2011 Ford Transit Connect

2011 Ford Transit Connect

Ford Transit featured

What’s with this business of getting sensible? Doesn’t everybody know that the only way to haul stuff is in a monster pickup truck, or at least in a cavernous van?

It’s the American way. But it’s being challenged by none other than the quintessential native son, the Ford Motor Co., purveyor of ponderous pickups.

The instrument is the Ford Transit Connect cargo van, designed in Europe and built in Turkey. It’s the answer to a question a lot of people likely have asked, with nobody answering until now.

[![Ford Transit exterior](http://buyersguide.carsoup.com/wp-content/uploads/2011/09/Ford-Transit-exterior1.png "Ford Transit exterior")](http://buyersguide.carsoup.com/wp-content/uploads/2011/09/Ford-Transit-exterior1.png)That means the Transit Connect can easily be set up to support an electrician, carpenter, painter, plumber or handyman, or as a delivery vehicle for flowers, bakery, wine, milk or whatever.
The question: Why are we Yankees limited to big, fuel hungry vehicles to haul tchotchkes and tools, and to deliver packages and plumbing materials?

Travel to Europe and any number of foreign countries, and you will be lucky to see anything resembling the full-size American pickup truck or cargo van. Tradesmen and businesses are most likely to be trundling around in small Citroen or Renault vans similar to the modestly-sized US panel trucks of yore.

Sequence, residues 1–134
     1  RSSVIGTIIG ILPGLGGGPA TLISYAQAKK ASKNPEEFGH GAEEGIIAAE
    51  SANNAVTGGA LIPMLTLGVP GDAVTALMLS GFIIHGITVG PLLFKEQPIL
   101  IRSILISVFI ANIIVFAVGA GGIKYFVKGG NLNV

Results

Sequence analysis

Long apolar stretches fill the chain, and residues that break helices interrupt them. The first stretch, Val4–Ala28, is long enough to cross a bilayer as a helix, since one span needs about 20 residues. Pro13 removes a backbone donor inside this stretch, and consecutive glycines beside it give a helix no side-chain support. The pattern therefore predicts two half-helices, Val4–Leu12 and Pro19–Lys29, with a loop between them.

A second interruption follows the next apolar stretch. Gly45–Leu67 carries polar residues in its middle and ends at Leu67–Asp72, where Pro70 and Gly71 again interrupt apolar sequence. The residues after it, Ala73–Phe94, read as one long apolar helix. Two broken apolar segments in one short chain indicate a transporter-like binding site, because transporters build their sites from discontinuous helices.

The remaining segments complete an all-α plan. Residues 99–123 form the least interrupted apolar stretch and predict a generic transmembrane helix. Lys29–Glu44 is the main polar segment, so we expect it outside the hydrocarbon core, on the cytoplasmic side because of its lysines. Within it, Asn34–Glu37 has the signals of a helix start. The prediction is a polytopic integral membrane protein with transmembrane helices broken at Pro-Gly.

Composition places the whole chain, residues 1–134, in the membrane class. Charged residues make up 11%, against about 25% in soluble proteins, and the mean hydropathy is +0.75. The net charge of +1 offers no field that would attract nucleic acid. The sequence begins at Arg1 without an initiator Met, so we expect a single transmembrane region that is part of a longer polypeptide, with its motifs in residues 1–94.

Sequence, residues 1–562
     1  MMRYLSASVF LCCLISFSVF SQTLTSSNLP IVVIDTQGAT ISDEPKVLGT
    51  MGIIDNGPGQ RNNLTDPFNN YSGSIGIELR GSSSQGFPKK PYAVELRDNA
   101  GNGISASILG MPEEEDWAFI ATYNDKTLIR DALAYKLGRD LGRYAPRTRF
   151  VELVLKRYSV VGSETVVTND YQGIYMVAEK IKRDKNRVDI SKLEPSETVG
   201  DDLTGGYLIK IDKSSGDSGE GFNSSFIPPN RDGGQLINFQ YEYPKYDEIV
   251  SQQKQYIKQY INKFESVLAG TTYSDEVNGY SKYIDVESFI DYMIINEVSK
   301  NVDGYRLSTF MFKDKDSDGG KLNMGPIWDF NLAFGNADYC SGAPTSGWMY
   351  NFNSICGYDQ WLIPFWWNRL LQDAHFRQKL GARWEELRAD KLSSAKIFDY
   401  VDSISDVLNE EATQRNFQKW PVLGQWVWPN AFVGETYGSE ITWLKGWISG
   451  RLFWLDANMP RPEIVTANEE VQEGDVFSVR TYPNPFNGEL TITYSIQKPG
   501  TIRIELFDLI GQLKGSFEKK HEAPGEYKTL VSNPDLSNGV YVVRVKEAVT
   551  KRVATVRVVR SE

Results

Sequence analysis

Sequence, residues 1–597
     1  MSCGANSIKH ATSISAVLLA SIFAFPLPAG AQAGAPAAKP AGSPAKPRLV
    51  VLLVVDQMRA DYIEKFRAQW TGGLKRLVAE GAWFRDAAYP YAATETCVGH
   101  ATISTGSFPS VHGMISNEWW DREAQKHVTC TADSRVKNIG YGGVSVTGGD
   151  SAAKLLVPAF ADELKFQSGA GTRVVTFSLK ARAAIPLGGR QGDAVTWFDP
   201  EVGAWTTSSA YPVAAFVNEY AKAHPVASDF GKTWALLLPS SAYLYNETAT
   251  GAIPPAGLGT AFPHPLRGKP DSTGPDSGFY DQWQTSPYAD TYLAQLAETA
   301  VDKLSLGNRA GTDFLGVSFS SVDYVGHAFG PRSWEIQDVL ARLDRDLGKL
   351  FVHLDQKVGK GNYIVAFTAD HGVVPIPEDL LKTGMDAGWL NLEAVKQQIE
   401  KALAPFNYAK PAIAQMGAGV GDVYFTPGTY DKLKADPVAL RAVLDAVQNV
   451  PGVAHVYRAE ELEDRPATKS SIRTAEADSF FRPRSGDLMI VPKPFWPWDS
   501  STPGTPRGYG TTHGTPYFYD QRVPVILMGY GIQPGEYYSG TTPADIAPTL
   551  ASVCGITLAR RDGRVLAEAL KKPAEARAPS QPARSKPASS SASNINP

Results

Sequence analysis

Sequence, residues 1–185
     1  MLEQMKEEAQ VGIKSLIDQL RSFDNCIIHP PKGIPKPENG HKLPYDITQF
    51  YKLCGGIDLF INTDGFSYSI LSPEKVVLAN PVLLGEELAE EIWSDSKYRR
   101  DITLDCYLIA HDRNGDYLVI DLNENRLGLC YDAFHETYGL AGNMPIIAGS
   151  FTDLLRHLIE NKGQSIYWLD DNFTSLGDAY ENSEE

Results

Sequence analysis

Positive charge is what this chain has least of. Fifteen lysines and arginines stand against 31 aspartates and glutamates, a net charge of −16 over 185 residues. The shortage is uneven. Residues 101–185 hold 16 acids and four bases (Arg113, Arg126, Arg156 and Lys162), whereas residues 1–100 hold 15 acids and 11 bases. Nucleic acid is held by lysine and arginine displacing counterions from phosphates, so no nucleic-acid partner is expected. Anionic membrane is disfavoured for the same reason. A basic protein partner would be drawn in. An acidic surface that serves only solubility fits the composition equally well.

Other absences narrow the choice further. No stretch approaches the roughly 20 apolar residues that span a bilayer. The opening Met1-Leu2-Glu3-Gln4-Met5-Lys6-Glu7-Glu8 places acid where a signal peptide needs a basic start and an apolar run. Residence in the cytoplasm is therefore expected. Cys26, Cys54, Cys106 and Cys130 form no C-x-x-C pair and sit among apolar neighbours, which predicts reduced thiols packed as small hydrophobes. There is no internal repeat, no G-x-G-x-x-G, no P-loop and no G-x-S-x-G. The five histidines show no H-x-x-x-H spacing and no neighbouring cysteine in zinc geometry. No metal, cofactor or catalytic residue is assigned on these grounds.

There are a few such vehicles in the U.S., notably the panel truck version of the Chevrolet HHR. But it’s essentially a conversion of the HHR station wagon and is going away in 2011.

The Ford Transit Connect, on the other hand, is a purpose-built vehicle that can be ordered as a dedicated hauler with no cargo-area side or rear windows—as was the test truck reviewed here—or with rear only or rear and side windows.

As a cargo van, it can be outfitted any number of ways, either professionally or by the do-it-yourself tradesman. It offers 135 cubic feet of space, accessible through twin side-hinged doors in the back and sliding minivan-style doors on the sides. (For an extra $190, the rear doors can be equipped with articulated hinges so they can swing entirely out of the way).

That means the Transit Connect can easily be set up to support an electrician, carpenter, painter, plumber or handyman, or as a delivery vehicle for flowers, bakery, wine, milk or whatever.

Moreover, Ford did its homework and offers options to make the chores easier. For $1,395, you can order an in-dash computer, which works off a wireless keyboard that you stow in a pocket in the driver’s door. With it, you can communicate with the home office, check inventories, do invoices and surf the web while away from headquarters.

Another nifty option on the test vehicle was the $1,220 computerized tool link. It can keep track of as many as 50 tagged tools, so the worker manning the truck can find out instantly whether the tools needed for the job are actually in the van. It saves setup time.